There are three types of students in the world: the smart kids, the dumb kids, and the slackers. The smart kids are destined for greatness. They study, they go to every class, they are on time, and they pay attention while they're there and they just get stuff done. Then there are the dumb kids that have no chance in life. I'm talking about the kids who fail woodshop and go hunting and stuff like that. Then there are the rest of us the slackers. We do just enough to get by. We skip class when we don't do our homework. We write essays the night before they are due. We study for tests as we're walking in. We party on Wednesdays, and we sit next to smart kids so we can glance at there notes if we get called on in class. It's all carefully planned out. In fact if we put as much effort into the work we're supposed to do instead of how to not do it we would probably be one of the smart kids. But honestly, where is the fun in that? Everyone I have talked to has said that when I got to college that I couldn't keep being a slacker. They said that stuff I could get away with in high school wouldn't fly in college. But I would like to respectfully disagree and say that high school was just practice for college. If anything it's easier to be a slacker now then ever. However, the rules change when you get to college it's a little more difficult but still more then possible.
Being a successful college student is hard; it takes effort, you have to be smart, and you have to want to be successful, but that doesn't mean you have to do a lot of work or study or whatever. It just means you need to do the right work and study the right things. Starting with rule number one: go to class. Always go to class. Everyday. Cause if you have a close in-between grade a teacher is more likely to round up. When you are in class, sit in the front. Teachers such as Nicholas Kristof of New York report that "kids who sit in the front row usually do pretty well because the teachers' close proximity to them at a minimum guilt's them into paying attention." And when you don't do the readings the best way to sound like you did is to pay close attention, nod along in agreement to everything and not say anything. Sitting in the front row actually decreases your chances of getting called on in a group discussion because a teacher standing right in front of you naturally looks out instead of down. However, at the same time you are getting a lot of face time because you are in the ideal location to conduct small talk during transition times before, during, and after class. This will also help your cause because the professor will recognize you and associate your face and personality with anything you turn in. Also by conducting side conversations you create a false sense of participation. The teacher remembers hearing your voice but not necessarily that it was relative to the class discussion.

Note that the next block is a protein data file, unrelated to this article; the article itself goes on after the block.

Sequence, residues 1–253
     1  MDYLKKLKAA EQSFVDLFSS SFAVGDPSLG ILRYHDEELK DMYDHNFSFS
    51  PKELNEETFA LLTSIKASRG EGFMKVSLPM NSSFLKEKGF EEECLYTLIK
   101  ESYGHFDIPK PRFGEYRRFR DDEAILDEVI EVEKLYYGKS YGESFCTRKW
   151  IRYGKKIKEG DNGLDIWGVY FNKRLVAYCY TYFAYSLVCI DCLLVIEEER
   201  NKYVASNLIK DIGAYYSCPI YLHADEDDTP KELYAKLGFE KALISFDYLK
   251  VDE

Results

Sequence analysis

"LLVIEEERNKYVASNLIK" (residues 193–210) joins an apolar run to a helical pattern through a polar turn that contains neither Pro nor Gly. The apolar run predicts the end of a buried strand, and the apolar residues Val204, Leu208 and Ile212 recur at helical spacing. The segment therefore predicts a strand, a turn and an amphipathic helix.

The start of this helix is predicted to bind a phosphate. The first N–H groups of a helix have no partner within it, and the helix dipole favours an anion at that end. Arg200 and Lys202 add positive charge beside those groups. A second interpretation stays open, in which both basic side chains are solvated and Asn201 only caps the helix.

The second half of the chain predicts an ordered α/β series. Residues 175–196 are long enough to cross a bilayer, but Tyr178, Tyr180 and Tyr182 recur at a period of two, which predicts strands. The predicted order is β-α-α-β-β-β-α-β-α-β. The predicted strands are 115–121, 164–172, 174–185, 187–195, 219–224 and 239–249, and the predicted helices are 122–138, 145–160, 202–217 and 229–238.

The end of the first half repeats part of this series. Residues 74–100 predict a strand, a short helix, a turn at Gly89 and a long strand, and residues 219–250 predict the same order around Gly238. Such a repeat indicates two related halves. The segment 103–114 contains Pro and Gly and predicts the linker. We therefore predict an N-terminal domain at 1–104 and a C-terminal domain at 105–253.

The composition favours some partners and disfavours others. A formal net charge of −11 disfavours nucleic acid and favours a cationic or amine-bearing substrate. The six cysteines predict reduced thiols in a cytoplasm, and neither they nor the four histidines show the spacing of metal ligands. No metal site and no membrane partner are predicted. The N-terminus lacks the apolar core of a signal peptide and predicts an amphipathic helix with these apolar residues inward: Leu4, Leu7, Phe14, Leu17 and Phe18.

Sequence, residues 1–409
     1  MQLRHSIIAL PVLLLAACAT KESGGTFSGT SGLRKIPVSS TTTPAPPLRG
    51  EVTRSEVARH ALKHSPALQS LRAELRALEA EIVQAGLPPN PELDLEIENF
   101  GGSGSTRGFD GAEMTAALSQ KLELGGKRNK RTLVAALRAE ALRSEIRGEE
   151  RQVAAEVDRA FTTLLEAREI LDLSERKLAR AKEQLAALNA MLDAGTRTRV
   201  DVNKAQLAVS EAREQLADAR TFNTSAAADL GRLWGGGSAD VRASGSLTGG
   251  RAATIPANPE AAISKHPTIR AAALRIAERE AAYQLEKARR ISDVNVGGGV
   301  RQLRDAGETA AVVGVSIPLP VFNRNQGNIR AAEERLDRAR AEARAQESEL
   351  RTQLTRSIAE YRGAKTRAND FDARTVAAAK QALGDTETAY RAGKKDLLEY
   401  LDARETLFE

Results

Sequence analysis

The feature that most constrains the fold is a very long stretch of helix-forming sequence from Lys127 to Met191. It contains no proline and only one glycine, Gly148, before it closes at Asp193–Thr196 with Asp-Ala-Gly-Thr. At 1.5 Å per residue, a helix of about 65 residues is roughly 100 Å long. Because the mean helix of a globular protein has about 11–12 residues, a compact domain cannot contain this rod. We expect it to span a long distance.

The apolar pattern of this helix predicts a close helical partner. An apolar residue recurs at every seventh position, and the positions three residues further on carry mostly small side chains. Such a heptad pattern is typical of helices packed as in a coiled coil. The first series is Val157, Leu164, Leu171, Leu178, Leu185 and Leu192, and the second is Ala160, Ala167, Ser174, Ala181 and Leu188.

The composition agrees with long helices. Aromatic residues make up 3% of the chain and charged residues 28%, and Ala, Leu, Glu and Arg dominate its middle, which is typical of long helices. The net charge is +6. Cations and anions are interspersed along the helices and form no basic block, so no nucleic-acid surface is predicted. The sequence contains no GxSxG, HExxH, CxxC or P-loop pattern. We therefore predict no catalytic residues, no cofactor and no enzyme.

In college there are no little' homework assignments. There are tests, quizzes, and essays. Every college professor gives you a syllabus on the first day of class that lists every single assignment for the semester. Which leads to rule number two: highlight tests and essays. Quizzes are not typically listed but they also typically don't carry much weight for your over all grade so as long as you go to class you should be able to get through the quizzes with minimal damage to your grade. But this puts a lot more pressure to perform well on tests and write better essays.
Rule number three: think abstract. Procrastination and being a slacker go hand in hand. When you are asleep you dream, and dreams are the craziest ideas you brain can only comprehend subconsciously. Scientists note that "dreams create new ideas through the generation of random thought mutations. Some of these may be rejected by the mind as useless, while others may be seen as valuable and are thusly retained." What that is saying is most dreams are irrational mutated thoughts, but some contain conceivable ideas and those are the ones you remember. When you're writing an essay that's due the next day at three in the morning your brain is programmed to dream and produce crazy abstract ideas. Let those ideas out. While you may not have the best argument you will develop ideas no one else has making your piece original and entertaining which might not get you and A, but it will keep your reader's attention. Most professors appreciate a break from the standard boring essay over and over again. While they may think you're an idiot, they usually take it easy on your grade for the paper.
Being that I myself am writing this a 2:31 in the morning before this is due, I would like to extend one final thought, which is when it comes to rough drafts that you know wont be checked you don't have to finish them with that I would like to extend my sincerest apologies to the partner that has to read this. Had I the energy to continue I would mention how to prepare for tests and have a brief conclusion. Again very sorry, I know I'm a terrible person.